Stacey P. Slaughter is a partner in the Firm's business litigation department. She is a member of the complex business litigation, antitrust and trade regulation, and securities and financial litigation practices. Before joining, Ms. Slaughter clerked in the United States District Court for the District of Minnesota for Judge Michael J. Davis and Judge Paul A. Magnuson.
Ms. Slaughter represents individuals, shareholders, pension funds, businesses and organizations that face significant commercial disputes, complex business problems, and novel legal issues. She has represented clients in a wide range of industries including banking, commodities, consumer goods and products, food, logistics, securities, technology, and travel.
Ms. Slaughter is also dedicated to the Firm's commitment to pro bono work. She was the lead attorney representing a pro bono client who was granted asylum as the result of political persecution the client suffered in Cameroon. Ms. Slaughter was also a member of the Firm's pro bono team that received the "2008 Volunteer Award" for work on a state-wide needs assessment and evaluation of trafficking in Minnesota.
Ms. Slaughter is active in civic associations as well. She serves on the Board of Directors for the Downtown Minneapolis YMCA. Ms. Slaughter is also involved in supporting the Jeremiah Program, which supports single mothers and their children.
In 2012, Ms. Slaughter co-authored a book chapter entitled, Funding Litigation, in Private Enforcement of Antitrust Law in the United States, which is edited by Albert A. Foer and Jonathan W. Cuneo in association with the American Antitrust Institute. Antitrust scholars Professor Herbert Hovenkamp and Professor Eleanor Fox have issued favorable reviews, stating that the publication is an "incredibly valuable undertaking" that "promises to make an enormous contribution to antitrust law and policy around the world."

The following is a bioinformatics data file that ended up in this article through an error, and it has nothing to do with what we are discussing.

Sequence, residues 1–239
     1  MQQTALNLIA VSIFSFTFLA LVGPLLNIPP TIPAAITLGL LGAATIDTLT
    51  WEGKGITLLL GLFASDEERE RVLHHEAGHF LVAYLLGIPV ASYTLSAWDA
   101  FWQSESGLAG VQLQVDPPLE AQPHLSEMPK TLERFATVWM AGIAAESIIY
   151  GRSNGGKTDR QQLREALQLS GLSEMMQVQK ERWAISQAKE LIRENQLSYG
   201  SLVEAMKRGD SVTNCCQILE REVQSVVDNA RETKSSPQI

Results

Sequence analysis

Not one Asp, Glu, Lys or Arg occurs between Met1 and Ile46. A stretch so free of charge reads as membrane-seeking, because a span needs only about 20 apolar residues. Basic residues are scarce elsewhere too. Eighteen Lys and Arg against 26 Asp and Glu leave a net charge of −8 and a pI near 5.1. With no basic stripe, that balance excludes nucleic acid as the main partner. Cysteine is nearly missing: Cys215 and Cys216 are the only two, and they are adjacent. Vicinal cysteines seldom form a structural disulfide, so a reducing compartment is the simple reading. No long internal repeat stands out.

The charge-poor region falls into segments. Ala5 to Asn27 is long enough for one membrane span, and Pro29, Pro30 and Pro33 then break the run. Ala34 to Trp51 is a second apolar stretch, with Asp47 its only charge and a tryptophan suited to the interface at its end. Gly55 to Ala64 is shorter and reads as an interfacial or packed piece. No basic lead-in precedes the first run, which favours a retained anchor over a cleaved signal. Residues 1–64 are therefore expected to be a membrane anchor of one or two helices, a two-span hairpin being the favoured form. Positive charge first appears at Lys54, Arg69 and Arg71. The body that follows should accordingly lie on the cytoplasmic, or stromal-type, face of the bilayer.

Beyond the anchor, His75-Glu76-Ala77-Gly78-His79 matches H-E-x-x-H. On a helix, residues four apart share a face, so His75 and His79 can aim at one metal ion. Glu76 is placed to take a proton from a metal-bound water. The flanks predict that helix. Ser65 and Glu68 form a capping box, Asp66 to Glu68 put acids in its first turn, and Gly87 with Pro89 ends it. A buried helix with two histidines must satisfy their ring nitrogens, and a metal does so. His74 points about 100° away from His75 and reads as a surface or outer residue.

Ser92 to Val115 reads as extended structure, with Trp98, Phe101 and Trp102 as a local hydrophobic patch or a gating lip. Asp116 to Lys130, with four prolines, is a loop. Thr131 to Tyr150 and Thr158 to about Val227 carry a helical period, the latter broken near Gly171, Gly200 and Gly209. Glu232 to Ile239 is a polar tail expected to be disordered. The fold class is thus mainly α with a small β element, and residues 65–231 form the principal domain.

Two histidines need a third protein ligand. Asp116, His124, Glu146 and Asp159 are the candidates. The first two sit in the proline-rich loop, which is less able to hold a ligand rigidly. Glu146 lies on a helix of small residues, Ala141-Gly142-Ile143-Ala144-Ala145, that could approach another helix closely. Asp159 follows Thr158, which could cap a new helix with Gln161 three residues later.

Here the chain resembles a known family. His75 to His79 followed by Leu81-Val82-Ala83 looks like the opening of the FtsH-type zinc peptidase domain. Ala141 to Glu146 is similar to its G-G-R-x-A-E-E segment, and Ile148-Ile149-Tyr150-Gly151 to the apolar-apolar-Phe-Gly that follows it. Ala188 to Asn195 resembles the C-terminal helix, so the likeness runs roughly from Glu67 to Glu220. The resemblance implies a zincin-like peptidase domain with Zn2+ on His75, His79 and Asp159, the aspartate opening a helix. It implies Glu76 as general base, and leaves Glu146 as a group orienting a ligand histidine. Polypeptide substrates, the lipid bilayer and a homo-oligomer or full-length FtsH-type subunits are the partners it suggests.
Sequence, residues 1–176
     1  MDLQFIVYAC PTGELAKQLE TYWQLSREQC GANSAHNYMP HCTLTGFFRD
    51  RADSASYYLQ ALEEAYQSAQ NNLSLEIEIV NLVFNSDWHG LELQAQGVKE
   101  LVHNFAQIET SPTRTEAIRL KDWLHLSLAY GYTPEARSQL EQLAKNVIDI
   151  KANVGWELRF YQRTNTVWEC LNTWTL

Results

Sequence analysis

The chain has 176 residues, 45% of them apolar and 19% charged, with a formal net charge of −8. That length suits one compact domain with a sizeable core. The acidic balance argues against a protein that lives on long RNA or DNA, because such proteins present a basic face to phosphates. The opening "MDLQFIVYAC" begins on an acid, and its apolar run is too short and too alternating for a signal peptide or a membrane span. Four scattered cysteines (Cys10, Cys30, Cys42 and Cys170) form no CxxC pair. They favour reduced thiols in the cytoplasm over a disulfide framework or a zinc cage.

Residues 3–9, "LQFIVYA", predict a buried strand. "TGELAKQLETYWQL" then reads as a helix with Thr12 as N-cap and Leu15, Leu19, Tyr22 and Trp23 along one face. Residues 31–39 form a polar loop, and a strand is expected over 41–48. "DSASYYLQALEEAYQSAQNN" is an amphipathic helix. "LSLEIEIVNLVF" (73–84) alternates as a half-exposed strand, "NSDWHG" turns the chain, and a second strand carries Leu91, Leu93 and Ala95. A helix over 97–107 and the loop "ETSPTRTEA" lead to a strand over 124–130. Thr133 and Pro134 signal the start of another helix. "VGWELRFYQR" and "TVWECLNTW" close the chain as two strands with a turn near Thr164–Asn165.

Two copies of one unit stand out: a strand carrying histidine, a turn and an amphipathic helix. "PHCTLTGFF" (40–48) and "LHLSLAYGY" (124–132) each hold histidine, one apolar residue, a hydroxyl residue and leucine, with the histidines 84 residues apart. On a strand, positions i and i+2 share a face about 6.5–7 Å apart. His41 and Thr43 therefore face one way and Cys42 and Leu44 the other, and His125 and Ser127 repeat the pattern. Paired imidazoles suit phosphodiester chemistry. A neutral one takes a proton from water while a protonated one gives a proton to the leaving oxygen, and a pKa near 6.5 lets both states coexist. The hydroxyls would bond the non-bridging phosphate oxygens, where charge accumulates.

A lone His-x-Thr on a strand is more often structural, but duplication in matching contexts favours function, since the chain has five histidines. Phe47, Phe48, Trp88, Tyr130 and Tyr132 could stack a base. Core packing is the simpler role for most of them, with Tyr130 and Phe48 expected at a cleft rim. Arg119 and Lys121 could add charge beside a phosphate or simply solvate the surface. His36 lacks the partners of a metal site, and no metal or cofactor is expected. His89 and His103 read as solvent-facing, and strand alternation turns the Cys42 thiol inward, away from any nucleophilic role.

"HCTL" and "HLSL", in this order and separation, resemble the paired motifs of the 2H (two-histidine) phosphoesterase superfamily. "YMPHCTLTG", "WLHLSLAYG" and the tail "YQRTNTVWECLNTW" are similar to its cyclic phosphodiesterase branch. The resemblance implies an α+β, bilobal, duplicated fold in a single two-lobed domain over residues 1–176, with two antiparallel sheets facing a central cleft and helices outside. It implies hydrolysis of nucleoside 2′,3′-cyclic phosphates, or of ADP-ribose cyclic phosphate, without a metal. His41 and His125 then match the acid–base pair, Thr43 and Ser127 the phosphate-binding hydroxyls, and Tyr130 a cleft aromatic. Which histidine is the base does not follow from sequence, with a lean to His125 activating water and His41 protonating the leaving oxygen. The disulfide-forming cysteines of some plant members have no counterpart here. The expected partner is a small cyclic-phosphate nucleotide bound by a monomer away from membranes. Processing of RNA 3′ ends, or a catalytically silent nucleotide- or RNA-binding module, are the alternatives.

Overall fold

Ms. Slaughter received her B.A. degree magna cum laude with honors from Florida State University in 1994. She received a Master's degree from the University of Minnesota in 1996, where she wrote a thesis paper on how the future of the Internet will affect copyright law. In 1999, Ms. Slaughter received her J.D. cum laude from the University of Minnesota Law School, where she served as a Note & Comment editor of the Minnesota Law Review. Ms. Slaughter is admitted to practice in Minnesota and New York.
During her career, Ms. Slaughter has handled a number of cases solely and as part of a team at trial, litigation, and arbitration, including the following:*
- In re Payment Card Interchange Fee and Merchant Discount Litigation, 05-MD-1720 (JG)(JO): Reached a $7.25 billion proposed antitrust settlement on behalf of a class of approximately seven million U.S. merchants who accept Visa and MasterCard credit cards and debit cards for the purchase of goods and services. The defendants included Visa and MasterCard, and major card-issuing banks such as JPMorgan Chase, Bank of America, Citibank, Wells Fargo, and Capital One. The settlement, which resolves the lawsuit, is believed to be the largest settlement of a private antitrust case in the 120-year history of the Sherman Act (15 U.S.C. §1 et seq.) and also includes important reforms of the payment card industry.